- Author: Deborah Stevens
My worm hobby began in 1999 after I attended a Master Gardener composting class. This hobby continues to fascinate me. Worms recycle my kitchen garbage, and I’m still amazed by the process.
Two years ago I went to North Carolina State University’s annual vermiculture conference. The conference was so inspiring that I went again last year. It is the only conference about earthworm farming and mid- to large-scale vermicomposting in North America.
The conference, coordinated by a university extension specialist, offers science-based information. One of the topics was the difference between vermicompost tea and leachate.
Both begin with red wigglers, which are small earthworms that live near the top of the soil and consume organic matter. I feed my worms kitchen garbage and disease-free plant debris from my yard. My goal is to create vermicompost and aerated compost tea for nourishing a healthy, chemical-free garden.
To make aerated compost tea, you need a 12- to 24-hour aeration cycle, de-cholorinated water and finished compost. Alternatively, you can make the tea in a bucket in three to seven days by stirring occasionally.
By introducing air, you encourage the proliferation of aerobic microorganisms and discourage the anaerobic microorganisms that may produce byproducts unfavorable to plant growth.
Vermicompost tea contains a large diversity of bacteria, fungi, protozoa and nematodes. These microorganisms increase soil biological activity, encourage plant vigor, yield, bud break, fruiting, flowering, color, root volume, seed germination, and pest and disease resistance. You can use vermicompost as a foliar spray or soil drench.
Many worm composters are unfamiliar with the topic of aerated compost tea, preferring to use the leachate that many vermicompost systems encourage. Although leachate seems to benefit plants, it comes with some risk.
Research suggests that the use of leachate should be discouraged. Vermicompost is not leachate. The excess water that drips through a worm bin is leachate. It picks up undigested material which may contain pathogens and chemicals toxic to plants and humans.
A properly maintained worm bin will not collect or seep excess water or leachate.
Use leachate to water a favorite weed, or flush leachate down the toilet. Using leachate on plants, especially edibles, is not worth the risk of pathogenic contamination.
As for the vermicompost produced by red wigglers in the worm bin, the worms and microbes gobble up the pathogens in their environment and do not release the pathogens back into the soil.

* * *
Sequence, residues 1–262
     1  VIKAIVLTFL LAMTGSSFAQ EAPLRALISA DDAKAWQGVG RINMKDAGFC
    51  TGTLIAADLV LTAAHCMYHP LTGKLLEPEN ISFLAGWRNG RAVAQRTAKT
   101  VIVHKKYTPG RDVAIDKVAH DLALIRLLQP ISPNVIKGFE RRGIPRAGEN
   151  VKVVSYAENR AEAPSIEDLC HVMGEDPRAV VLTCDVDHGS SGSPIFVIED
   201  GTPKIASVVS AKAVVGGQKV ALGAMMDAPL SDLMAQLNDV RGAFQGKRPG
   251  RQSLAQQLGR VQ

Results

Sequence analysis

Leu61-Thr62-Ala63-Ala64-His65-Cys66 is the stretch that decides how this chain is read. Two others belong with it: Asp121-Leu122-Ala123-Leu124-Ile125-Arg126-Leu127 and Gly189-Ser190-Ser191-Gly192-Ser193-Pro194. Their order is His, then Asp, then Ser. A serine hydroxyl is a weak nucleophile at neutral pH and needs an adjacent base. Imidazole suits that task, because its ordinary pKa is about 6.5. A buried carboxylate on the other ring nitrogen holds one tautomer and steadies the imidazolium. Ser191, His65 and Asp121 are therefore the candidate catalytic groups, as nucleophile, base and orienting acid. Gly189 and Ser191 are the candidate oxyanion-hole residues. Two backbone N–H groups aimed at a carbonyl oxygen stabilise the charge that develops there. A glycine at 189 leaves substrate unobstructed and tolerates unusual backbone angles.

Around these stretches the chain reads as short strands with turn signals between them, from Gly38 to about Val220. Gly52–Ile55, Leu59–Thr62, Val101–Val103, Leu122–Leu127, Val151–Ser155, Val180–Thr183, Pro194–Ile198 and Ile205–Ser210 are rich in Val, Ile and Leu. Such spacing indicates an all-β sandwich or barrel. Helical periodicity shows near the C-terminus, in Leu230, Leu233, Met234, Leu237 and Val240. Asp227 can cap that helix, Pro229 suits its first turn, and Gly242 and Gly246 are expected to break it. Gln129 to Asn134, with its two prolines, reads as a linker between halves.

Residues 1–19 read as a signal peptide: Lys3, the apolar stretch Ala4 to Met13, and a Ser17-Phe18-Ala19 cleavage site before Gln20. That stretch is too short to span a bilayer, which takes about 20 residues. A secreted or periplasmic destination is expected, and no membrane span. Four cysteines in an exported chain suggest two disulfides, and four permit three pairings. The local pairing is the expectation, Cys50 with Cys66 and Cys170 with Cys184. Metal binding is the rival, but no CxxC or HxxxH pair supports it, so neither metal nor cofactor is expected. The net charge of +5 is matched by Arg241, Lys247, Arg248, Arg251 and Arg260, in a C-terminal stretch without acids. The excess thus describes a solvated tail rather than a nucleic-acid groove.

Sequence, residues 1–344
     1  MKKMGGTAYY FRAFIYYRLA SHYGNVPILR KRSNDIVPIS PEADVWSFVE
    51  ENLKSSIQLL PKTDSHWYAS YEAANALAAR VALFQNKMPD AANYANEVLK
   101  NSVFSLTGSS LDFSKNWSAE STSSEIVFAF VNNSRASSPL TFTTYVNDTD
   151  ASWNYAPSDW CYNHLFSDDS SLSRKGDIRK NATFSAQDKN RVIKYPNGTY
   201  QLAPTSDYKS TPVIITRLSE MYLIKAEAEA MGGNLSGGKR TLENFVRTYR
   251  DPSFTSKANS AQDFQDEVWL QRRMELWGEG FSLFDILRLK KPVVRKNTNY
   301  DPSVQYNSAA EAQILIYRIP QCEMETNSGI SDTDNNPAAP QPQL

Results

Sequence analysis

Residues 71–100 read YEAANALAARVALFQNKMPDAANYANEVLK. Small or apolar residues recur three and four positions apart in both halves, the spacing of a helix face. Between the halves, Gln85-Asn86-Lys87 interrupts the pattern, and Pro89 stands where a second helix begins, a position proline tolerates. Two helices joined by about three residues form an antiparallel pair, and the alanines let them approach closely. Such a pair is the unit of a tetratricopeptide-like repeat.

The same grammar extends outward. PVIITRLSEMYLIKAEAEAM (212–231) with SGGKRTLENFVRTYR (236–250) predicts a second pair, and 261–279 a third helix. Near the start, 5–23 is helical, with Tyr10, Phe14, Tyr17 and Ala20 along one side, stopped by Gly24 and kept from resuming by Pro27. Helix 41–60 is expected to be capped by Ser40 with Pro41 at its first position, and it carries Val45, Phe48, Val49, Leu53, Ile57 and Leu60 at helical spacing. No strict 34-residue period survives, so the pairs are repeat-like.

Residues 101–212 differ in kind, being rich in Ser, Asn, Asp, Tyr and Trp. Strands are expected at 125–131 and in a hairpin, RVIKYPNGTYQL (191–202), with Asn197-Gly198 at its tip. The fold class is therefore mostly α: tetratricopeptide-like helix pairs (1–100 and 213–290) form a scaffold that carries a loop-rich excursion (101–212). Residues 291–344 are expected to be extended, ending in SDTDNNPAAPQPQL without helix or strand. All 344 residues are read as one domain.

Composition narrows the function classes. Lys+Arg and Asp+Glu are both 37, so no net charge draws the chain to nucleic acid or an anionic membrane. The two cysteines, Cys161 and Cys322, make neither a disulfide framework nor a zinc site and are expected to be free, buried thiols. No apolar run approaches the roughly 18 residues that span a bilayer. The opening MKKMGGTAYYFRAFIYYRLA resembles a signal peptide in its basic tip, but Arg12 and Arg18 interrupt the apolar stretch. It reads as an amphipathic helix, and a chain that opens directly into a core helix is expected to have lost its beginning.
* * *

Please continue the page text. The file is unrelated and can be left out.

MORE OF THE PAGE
Microbes are part of a worm-bin ecosystem. They live and work amongst the worms in the vermicompost, eating and overpopulating the pathogens while being ingested by the worms.
The vermicompost is ready to use when you don’t recognize the original feed stock. It should smell clean and earthy and appear brown and crumbly.
I wondered if the pathogens the worms previously digested are freed upon their death. Otto D. Simmons III, a professor of biological and agricultural engineering at North Carolina State University, says that “live worms digest the dead ones and the pathogens are eaten by the surviving worms.”
So why use aerated compost tea? Because it adds organic life to the soil, improves soil structure, water retention, root depth and growth.
A foliar spray of vermicompost tea protects plants from pests and diseases, thus reducing the need for chemicals. I love the idea that my plants seem happier and stronger due to my kitchen waste.
Be sure to use non-chlorinated water when making tea or watering your worm bins. City dwellers can set a jug or bucket of water out for 24 hours to de-gas the chlorine. Rain water collected in buckets is a good alternative.
Workshop: Napa County Master Gardeners will present a workshop on “Fruit Tree Pruning” on Saturday, February 9, at the University of California Cooperative Extension (address below). The morning session (from 9:30 a.m. to 11:30 a.m.) will consist of an indoor lecture. The afternoon session (from 12:30 p.m. to 2:30 p.m.) will consist of a hands-on workshop outdoors in an orchard. You will learn techniques to keep your fruit trees healthy and productive. Online registration (credit card only); Mail in registration (cash or check only).
Master Gardeners are volunteers who help the University of California reach the gardening public with home gardening information. Napa County Master Gardeners (http://cenapa.ucdavis.edu) are available to answer gardening questions in person or by phone, Monday, Wednesday and Friday, 9 a.m. to Noon, at the U. C. Cooperative Extension office, 1710 Soscol Avenue, Suite 4, Napa, 707-253-4221, or from outside City of Napa toll-free at 877-279-3065. Or e-mail your garden questions by following the guidelines on our web site. Click on Napa, then on Have Garden Questions?